€7.77 average lunchtime spend eating out

In a pub, the average spend tends to comprise €8.57 on food and €1.20 on drink.
In a pub, the average spend tends to comprise €8.57 on food and €1.20 on drink.

Irish consumers spend an average of €4.91 when eating at home and €7.77 if eating out according to Bord Bia in its recently-published survey on The Lunchtime Occasion in Republic of Ireland and Great Britain.



16 December 2013

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Nearly half (49%) of consumers sample lunch at home or at someone else’s home while 29% eat lunch at work. Serviced restaurants – restaurants/pubs/fast-food outlets/specialist coffee shops or sandwich bars – account for 17% of lunching consumers while 6% eat ‘on the move/on public transport’.

The Report, which questions 1,000 consumers – 571 in RoI & 423 in GB – has been carried out by Behaviour & Attitudes and compares  lunchtime consumption in RoI and Great Britain.

Both countries are very similar in terms of findings around the lunchtime occasion.
Typically we eat lunch between 12pm and 2pm.
Consumers spend an average of 22 minutes per day having their lunch break which rises to 28 minutes on a Sunday.
In Ireland and Great Britain lunchtime choices are very similar:

 Sandwiches (41% RoI/46% GB)
 Fruit (17% RoI/10% GB)
 Soup (12% RoI/ 9% GB)
 Yoghurt (11% RoI/ 11% GB)
 Salad (9% in RoI)
 Crisps (8% in GB)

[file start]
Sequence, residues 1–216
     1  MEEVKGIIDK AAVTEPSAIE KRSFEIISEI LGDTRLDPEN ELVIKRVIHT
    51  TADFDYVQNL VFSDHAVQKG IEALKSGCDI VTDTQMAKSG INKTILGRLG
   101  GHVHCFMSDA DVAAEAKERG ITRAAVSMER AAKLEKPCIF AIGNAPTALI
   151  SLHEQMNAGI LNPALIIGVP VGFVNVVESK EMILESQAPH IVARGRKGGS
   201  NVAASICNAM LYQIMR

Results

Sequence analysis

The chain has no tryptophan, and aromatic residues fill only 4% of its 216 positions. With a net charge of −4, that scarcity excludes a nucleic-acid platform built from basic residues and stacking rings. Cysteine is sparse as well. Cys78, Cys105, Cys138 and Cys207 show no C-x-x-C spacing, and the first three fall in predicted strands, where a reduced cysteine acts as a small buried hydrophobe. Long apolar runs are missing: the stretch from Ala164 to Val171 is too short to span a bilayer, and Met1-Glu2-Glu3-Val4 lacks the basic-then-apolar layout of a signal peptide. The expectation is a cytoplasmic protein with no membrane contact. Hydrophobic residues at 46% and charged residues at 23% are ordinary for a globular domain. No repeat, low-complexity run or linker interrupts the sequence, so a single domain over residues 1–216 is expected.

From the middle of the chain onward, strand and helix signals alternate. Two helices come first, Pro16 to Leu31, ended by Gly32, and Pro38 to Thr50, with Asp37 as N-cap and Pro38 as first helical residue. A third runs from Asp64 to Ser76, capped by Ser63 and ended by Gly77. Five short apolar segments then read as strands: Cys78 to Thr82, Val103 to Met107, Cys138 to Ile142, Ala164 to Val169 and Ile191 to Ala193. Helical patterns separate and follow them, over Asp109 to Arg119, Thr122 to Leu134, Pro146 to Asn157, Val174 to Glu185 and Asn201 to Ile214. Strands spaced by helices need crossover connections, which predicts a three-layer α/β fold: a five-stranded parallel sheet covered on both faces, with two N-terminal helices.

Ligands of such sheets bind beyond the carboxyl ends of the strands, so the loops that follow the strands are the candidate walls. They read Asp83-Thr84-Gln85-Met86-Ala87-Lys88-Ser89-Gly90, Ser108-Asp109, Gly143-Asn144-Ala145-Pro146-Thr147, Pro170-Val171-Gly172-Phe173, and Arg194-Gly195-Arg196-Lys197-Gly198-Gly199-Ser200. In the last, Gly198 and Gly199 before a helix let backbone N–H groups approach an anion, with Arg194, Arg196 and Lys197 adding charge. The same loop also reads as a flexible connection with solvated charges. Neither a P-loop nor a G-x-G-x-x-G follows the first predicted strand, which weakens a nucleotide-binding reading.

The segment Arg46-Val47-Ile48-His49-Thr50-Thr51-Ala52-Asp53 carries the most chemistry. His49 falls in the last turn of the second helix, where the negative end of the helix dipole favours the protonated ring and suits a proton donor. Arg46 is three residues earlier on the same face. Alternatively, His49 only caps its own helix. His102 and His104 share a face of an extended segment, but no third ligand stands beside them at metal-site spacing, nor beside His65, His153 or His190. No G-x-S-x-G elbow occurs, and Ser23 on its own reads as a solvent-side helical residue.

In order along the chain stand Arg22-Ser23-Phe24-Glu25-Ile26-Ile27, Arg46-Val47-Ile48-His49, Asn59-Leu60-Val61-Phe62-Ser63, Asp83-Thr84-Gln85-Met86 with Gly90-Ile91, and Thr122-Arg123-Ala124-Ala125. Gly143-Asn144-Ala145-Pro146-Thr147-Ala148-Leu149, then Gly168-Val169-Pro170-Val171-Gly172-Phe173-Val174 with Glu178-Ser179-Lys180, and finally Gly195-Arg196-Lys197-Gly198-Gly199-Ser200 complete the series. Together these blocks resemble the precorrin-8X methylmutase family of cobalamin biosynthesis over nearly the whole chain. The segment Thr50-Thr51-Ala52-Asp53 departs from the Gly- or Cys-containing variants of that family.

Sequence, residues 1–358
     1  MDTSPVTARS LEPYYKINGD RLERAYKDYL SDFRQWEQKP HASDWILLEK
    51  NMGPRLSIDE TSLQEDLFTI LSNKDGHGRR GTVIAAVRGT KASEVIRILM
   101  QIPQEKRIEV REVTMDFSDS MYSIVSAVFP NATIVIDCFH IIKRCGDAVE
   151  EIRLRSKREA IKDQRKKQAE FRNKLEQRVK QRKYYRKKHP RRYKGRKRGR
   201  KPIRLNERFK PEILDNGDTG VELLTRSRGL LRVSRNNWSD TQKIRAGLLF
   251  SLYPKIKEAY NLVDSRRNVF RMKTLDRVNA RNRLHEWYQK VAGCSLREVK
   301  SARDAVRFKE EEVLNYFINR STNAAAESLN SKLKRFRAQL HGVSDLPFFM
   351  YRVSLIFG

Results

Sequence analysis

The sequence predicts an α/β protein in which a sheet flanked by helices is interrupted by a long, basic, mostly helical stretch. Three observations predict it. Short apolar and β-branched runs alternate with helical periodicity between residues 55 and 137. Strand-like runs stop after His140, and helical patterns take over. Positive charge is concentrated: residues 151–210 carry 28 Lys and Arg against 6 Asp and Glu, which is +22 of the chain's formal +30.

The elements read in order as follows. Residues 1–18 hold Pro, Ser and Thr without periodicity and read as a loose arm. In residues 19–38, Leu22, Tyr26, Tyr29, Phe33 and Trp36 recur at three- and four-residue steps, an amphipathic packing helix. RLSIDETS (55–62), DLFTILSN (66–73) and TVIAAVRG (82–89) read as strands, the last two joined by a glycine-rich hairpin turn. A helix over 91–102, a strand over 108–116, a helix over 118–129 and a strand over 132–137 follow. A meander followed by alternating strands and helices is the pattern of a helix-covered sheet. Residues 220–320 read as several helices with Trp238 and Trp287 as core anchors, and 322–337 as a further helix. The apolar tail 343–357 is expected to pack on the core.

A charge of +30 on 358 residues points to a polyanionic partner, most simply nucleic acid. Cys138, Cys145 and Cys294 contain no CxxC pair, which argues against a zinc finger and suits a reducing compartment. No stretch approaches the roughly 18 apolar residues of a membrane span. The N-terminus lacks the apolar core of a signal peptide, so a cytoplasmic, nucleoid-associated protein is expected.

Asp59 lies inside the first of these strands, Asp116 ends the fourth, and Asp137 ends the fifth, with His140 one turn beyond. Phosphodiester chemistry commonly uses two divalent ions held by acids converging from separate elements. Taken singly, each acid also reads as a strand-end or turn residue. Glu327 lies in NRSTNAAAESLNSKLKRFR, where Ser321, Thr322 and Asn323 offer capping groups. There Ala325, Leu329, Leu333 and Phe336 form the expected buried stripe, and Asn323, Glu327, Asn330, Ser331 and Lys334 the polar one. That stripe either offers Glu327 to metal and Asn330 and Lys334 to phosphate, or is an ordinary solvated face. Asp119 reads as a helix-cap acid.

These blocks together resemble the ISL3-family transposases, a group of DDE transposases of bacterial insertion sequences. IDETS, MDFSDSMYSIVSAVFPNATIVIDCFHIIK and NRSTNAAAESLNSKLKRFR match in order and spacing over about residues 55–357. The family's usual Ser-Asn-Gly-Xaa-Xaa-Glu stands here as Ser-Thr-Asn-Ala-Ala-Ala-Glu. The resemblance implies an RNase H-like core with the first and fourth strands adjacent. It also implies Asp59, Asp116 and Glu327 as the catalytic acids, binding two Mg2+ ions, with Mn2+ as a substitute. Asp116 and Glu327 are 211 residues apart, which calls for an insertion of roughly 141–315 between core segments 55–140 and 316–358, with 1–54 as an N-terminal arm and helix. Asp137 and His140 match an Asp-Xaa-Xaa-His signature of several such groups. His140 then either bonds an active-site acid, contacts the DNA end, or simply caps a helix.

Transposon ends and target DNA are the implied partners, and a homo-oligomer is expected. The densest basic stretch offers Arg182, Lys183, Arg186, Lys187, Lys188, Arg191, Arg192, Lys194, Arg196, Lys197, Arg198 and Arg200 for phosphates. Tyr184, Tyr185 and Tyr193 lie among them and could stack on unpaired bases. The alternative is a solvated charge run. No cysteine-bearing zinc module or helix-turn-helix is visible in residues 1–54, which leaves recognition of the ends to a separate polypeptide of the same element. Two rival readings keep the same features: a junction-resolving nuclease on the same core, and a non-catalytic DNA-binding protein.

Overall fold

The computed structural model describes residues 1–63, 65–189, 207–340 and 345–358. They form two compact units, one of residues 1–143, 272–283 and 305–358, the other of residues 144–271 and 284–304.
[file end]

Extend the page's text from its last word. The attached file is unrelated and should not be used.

Sandwiches are still the most popular for those eating out. Top sandwich fillings here are ham (39%), salads (30%), cheese (29%) and chicken (20%).

At the weekends, the roast dinner features as a popular lunchtime choice.

One in six (17%) Irish people will eat their lunch out in a serviced restaurant during the week and this doesn’t change at the weekend (16%) whereas in GB only 9% will eat out midweek but that increases to 14% at the weekend.
The average spend in a ‘serviced restaurant’ at lunchtime here is €9.98.

Bord Bia reports that the key frustrations when eating out at lunch are ‘speed of service’ and ‘expense’ with one in five finding this irritating.

What people look for in a serviced venue is value-for-money at 35%, convenient location at 32% and quality food at 31%.

The ‘empty-nesters’ here represent 24% of the population who’re over 50 with 60% of them over 65.

Most lunch at home but this segment is extremely important for restaurants as 28% of empty-nesters consume their lunch in restaurants/pubs/fast-food outlets/specialist coffee shots or sandwich bars on weekdays with working dads being the next highest category for these outlets at 16%.

At the weekend 16% of people eat lunch in a serviced restaurant with empty-nesters comprising 21% of this figure.

If consumers are lunching at home, their favourite drink to accompany food is tea. Still the heaviest tea consumers, this changes to coffee if they purchase their lunch (regardless of whether they eat in or take-away), finds the survey. Coffee intake rises when having lunch outside the home generally, it has been found.

In GB £4.62 is spent on lunch at home, with out-of-home averaging £5.20.

However it’s not all about the lunch. One in five will work through their lunch break at least once week. Meanwhile others use the time to stay connected, reading (both online and offline), making or responding to phone calls and checking their social media pages. In Great Britain, they like to use the time to go for a walk.



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